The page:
[cabfpub] EV Code Signing maximum validity

i-barreira at izenpe.net i-barreira at izenpe.net
Tue Apr 16 07:56:33 UTC 2013


Yes, in section 16 there´s a mention of these requirements, but ...

FIPS is commonly used for certifying HSMs and "the equivalent" should be the Common Criteria, which is more often used for certifying smartcards. One key thing in this certification is the definition of the "in-famous" Protection Profile, which drive us into hard debates. One other is what is consider a SSCD (Secure Signing Creation Device) to have a qualified signature. If the EV code signing aims to be a "qualified" certificate in a SSCD to perform "qualified" signatures, then a HSM cannot be valid for this purpose in some countries.
Right now, and we have a good debate in the last ESI workshop on "signing in the cloud" because of the concept whether an HSM is a SSCD, I know only one country, Italy, which they consider some HSMs and depending on what certification has passed a SSCD, because they have an specific body which defines additional requirements on the Common Criteria certification.

FYI, in that public tender my requirements were:
 Common Criteria EAL4 + at least plus accomplish of the Spanish law on electronic signature plus the requirements indicated in the ETSI TS 101 456 and also the ones expressed in the "old" CEN CWA 14169 (this is replacing by new ETSI TS and will become an EN)

So, for EV code signing I´d like to be issued in smartcards rather than HSMs for example.

And regarding code signing, none has answered my last email regarding the differences between 9.7 (B) and 9.2.2. Any thoughts?

One last question, is it possible to be incorporated to the code signing WG?


-----Mensaje original-----
De: Jeremy Rowley [mailto:jeremy.rowley at digicert.com] 
Enviado el: lunes, 15 de abril de 2013 17:52
Para: Barreira Iglesias, Iñigo; rob.stradling at comodo.com; public at cabforum.org
Asunto: RE: [cabfpub] EV Code Signing maximum validity

There are minimum requirements for the hardware token.  Section 16 specifies that hardware tokens must be FIPS 140-2 Level 2 or the equivalent. 


-----Original Message-----
From: public-bounces at cabforum.org [mailto:public-bounces at cabforum.org] On Behalf Of i-barreira at izenpe.net
Sent: Monday, April 15, 2013 3:27 PM
To: rob.stradling at comodo.com; public at cabforum.org
Subject: Re: [cabfpub] EV Code Signing maximum validity

I don´t mind 27 or 39 moths (even in the "guidelines for the issuance and management of extended validation code signing certificates" version 1.1 says in section 9.4 "validity period not exceeding 39 months") but these certs have to be issued in hardware tokens (smartcards or USB tokens) and these hardware tokens should have a minimum requirements. In the EU, most of the CAs that issue certs are familiar with these hardware tokens and impose some requirements to be provided. Recently I launched a public tender with some requirements for smartcards and USB tokens (if someone wants to have nightmares I can provide it) and one of the requisites is that the private key can´t be exported anyhow (this is not new, it´s commonly used) and all the "signing" process is done in the smartcard.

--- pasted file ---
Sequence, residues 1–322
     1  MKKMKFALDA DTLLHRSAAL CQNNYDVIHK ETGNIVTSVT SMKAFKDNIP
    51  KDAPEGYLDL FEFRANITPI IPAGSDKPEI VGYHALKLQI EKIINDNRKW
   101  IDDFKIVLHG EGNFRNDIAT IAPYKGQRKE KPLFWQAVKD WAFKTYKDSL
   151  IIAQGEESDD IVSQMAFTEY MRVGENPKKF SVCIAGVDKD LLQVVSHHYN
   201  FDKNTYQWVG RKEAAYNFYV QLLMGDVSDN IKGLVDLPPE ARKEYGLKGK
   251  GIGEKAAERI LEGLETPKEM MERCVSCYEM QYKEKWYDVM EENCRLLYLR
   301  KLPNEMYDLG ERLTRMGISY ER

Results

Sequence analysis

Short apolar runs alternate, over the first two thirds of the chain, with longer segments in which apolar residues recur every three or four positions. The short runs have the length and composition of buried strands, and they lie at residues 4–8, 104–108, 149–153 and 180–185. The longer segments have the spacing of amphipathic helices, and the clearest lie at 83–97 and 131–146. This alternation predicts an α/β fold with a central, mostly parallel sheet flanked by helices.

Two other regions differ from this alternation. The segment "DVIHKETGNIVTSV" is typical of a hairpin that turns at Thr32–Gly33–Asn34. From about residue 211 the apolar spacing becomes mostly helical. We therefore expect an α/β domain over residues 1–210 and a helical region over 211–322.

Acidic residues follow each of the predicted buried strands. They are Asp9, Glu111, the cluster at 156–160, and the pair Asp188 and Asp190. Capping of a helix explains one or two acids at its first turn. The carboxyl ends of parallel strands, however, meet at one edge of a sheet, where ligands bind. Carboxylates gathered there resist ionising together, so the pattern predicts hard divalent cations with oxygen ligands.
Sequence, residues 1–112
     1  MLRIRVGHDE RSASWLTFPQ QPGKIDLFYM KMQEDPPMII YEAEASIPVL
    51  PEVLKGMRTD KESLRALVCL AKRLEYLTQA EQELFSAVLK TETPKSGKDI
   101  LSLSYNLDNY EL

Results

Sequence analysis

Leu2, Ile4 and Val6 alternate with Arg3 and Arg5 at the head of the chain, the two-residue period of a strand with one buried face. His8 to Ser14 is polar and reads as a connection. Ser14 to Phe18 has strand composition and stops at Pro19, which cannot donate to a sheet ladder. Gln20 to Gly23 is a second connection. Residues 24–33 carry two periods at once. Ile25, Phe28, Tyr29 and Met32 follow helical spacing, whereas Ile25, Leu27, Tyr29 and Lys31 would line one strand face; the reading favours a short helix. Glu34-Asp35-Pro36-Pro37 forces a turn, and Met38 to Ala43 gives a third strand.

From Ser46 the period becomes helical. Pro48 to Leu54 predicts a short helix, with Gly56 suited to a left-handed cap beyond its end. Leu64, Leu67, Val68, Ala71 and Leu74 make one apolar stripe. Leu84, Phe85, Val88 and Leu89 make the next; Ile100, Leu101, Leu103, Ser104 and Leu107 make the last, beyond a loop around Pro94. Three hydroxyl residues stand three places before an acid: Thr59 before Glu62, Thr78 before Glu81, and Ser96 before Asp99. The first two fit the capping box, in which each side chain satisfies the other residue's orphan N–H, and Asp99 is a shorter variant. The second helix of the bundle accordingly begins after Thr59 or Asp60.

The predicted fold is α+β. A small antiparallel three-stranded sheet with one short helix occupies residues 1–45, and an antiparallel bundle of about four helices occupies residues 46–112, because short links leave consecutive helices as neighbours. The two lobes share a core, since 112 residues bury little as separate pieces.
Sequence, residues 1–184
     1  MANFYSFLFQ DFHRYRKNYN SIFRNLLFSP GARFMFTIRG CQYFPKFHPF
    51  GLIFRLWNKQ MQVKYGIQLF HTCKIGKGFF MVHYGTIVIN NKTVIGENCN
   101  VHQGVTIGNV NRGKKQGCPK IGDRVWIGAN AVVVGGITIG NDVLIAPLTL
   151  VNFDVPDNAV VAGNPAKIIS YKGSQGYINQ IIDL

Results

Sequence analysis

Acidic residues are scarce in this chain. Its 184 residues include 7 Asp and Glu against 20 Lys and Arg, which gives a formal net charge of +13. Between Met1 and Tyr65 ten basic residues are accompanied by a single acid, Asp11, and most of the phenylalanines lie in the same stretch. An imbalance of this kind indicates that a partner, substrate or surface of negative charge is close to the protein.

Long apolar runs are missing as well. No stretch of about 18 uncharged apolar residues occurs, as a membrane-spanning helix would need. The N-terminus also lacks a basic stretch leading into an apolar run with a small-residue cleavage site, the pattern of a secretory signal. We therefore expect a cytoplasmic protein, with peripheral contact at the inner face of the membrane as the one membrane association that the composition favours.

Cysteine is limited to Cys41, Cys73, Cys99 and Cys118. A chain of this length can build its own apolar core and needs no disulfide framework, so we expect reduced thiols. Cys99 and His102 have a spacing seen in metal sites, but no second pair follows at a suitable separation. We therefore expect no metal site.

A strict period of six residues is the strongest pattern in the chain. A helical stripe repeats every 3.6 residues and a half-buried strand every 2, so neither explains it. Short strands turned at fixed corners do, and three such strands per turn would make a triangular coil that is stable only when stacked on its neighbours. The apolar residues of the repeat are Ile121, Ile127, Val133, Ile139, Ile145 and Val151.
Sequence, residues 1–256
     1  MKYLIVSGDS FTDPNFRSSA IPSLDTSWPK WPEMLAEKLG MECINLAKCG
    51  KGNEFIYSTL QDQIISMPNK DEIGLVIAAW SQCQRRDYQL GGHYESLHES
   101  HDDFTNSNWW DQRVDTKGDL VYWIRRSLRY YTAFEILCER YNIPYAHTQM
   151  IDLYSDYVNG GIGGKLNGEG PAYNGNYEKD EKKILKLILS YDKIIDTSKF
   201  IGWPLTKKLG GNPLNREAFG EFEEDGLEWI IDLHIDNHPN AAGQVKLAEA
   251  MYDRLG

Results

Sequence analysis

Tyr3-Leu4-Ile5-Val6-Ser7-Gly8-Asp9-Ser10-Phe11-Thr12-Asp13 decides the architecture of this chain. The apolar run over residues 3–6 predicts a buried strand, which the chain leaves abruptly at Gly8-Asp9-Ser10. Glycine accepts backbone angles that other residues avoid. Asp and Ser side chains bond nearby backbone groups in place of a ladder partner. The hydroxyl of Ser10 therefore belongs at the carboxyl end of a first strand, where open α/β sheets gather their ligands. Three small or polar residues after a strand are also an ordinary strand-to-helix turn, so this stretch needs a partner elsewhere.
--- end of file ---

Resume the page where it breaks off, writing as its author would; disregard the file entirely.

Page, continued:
-----Mensaje original-----
De: public-bounces at cabforum.org [mailto:public-bounces at cabforum.org] En nombre de Rob Stradling Enviado el: viernes, 12 de abril de 2013 21:24
Para: public at cabforum.org
Asunto: Re: [cabfpub] EV Code Signing maximum validity

On 12/04/13 18:56, Eddy Nigg (StartCom Ltd.) wrote:
> On 04/12/2013 03:22 PM, From Rich Smith:
>> If that is indeed the case, and in the interest of consistency, how 
>> would the members feel about lifting the 27 month restriction on EV 
>> SSL certificates and settling on 39 month restriction across the 
>> board.  If it is determined that moving to a 39 month restriction for 
>> EV SSL is not acceptable, then IMO EV Code Signing should also be 
>> restricted to 27 months.
> I believe it should be 27 month the most - but perhaps remove the 
> hardware token requirement for those certificates which hinders 
> currently adoption for such certificates.

Jeremy wrote "The risk with long-term EV Code Signing certs is primarily a loss of the private key, which is why we required a hardware token."

I have to agree that "loss of the private key" is a significant problem. 
  For example, an article published yesterday [1] claims that:
   "At least 35 gaming developers involved in the MMORPG field (Massive Multi-Player Online Role Playing Games) have been hacked in the last year-and-a-half by the so-called Winnti group, with one of the primary goals being to steal their digital certificates to use in other attacks".

If the private keys of these gaming companies had been held in hardware tokens, the attackers presumably would've been unable to steal the keys by hacking the systems remotely.  Instead, they would've had the harder job of somehow stealing the actual hardware tokens.

[1] http://www.wired.com/threatlevel/2013/04/gaming-company-certs-stolen/

Rob Stradling
Senior Research & Development Scientist
COMODO - Creating Trust Online
Public mailing list
Public at cabforum.org
Public mailing list
Public at cabforum.org

More information about the Public mailing list